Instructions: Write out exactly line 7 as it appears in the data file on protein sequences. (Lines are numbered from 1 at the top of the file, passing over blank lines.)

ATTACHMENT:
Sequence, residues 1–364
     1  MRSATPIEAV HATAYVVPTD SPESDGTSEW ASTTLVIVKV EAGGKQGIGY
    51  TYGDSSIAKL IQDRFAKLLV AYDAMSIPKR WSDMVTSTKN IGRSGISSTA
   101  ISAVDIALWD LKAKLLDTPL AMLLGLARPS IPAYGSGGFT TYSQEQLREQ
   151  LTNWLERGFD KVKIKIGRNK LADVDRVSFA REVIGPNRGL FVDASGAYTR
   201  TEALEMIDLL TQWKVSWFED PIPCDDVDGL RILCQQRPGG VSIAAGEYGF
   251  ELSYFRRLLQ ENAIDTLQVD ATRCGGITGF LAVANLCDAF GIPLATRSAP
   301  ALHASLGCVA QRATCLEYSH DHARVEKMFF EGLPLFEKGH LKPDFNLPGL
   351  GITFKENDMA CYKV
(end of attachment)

   251  ELSYFRRLLQ ENAIDTLQVD ATRCGGITGF LAVANLCDAF GIPLATRSAP